John Grey: Empathy Guy


From what I hear,
there’s this long, long epic of a tale
and my particular story
is told in one particular paragraph
out of a trillion trillions of the things.

And, within the paragraph,
my life doesn’t go beyond one measly sentence,
and, in the sentence itself,
it hardly merits a word.
or even a letter for that matter.

I think of myself
as being on the curve of an S
and in the shadow of the preceding apostrophe.

I’m part of the possessive case.

For what I possess,
for what possesses me,
read on.


Winter solstice rain,
dark at the window,

a flake of ice
skims down the glass.

A boy’s reflection
has him partly outside

in the cold,
partly in the house,

under the light.
The boy himself

is similarly


Your pain is so much a part of me
it has me looking
in the mirror,
making sure these aren’t your eyes,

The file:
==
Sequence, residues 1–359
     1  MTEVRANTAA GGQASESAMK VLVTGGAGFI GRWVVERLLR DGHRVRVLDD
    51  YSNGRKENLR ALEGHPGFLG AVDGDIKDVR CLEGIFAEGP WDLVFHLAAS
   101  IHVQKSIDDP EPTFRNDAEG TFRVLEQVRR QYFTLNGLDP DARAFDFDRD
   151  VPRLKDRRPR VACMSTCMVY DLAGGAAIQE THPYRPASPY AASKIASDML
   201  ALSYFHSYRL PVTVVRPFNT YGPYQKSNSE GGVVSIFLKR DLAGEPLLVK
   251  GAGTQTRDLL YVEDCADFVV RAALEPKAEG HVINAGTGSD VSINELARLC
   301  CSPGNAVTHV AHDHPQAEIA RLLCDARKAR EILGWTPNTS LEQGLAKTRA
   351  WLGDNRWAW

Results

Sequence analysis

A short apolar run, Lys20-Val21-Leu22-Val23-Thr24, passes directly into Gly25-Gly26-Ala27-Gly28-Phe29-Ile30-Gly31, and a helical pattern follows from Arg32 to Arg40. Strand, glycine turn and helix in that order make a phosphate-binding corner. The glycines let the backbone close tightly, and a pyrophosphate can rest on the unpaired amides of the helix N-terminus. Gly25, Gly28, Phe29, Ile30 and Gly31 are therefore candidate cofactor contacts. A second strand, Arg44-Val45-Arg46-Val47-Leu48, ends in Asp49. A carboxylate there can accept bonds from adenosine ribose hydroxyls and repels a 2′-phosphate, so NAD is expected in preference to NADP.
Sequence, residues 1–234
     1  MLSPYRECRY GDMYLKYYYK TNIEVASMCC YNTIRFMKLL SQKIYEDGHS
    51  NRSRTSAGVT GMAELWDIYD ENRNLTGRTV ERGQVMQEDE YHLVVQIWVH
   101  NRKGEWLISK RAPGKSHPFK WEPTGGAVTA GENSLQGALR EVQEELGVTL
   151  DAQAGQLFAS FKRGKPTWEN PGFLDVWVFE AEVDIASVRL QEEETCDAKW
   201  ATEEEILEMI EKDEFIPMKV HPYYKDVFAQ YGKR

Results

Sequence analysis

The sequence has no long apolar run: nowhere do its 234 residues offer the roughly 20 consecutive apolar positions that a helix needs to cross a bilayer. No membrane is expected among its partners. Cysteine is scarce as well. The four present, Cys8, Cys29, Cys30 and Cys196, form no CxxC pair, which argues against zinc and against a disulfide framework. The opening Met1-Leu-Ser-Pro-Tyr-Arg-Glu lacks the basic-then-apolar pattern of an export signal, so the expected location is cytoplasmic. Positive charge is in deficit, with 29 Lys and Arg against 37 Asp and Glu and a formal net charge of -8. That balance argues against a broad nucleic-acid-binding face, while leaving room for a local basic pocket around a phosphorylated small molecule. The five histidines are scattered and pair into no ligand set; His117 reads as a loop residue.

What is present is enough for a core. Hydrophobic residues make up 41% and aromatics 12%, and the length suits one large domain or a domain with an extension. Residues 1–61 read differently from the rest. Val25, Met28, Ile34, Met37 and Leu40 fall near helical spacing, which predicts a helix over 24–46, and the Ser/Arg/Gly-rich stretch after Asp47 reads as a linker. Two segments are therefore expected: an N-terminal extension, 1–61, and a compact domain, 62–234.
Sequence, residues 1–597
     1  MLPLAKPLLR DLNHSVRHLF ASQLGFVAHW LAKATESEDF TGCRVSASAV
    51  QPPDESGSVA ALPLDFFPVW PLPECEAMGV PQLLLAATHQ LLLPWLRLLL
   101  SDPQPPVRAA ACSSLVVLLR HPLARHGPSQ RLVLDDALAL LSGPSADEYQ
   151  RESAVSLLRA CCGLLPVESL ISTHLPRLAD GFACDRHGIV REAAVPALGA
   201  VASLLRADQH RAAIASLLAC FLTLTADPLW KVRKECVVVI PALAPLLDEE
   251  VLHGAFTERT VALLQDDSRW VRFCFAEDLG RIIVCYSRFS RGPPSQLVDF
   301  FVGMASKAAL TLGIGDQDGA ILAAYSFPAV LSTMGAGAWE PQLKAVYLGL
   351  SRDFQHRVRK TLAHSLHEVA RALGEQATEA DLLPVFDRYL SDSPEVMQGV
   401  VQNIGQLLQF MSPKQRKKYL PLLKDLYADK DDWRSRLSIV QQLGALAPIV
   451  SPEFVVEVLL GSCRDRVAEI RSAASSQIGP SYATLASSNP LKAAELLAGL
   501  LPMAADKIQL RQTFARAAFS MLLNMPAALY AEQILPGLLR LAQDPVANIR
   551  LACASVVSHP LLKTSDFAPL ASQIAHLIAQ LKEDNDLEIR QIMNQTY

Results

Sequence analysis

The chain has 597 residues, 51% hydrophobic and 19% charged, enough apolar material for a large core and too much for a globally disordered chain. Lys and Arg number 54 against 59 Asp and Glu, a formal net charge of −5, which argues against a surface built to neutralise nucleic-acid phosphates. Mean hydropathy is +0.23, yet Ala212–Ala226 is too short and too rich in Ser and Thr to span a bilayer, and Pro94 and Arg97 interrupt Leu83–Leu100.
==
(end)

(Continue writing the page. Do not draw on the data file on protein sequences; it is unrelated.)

your mouth;
like a torn ligament almost,
your agony
urges me to bend down
and run my fingers across it,
feel the aberrant bulge;
or it’s a broken limb,
my arm stretched out on the table,
losing contact with everything
bar my tears;
your cries
echo in my heart, my liver,
squeeze my insides wretchedly;
I am your hurt,
your aching, your throb;
and I feel all the better for it –
I’m sorry you don’t.


— by John Grey

Copyright© 2023 by John Grey. All Rights Reserved.

John Grey is an Australian poet, US resident, recently published in Stand, Washington Square Review and Floyd County Moonshine. Latest books, “Covert” “Memory Outside The Head” and “Guest Of Myself” are available through Amazon. Work upcoming in the McNeese Review, Santa Fe Literary Review and Open Ceilings.




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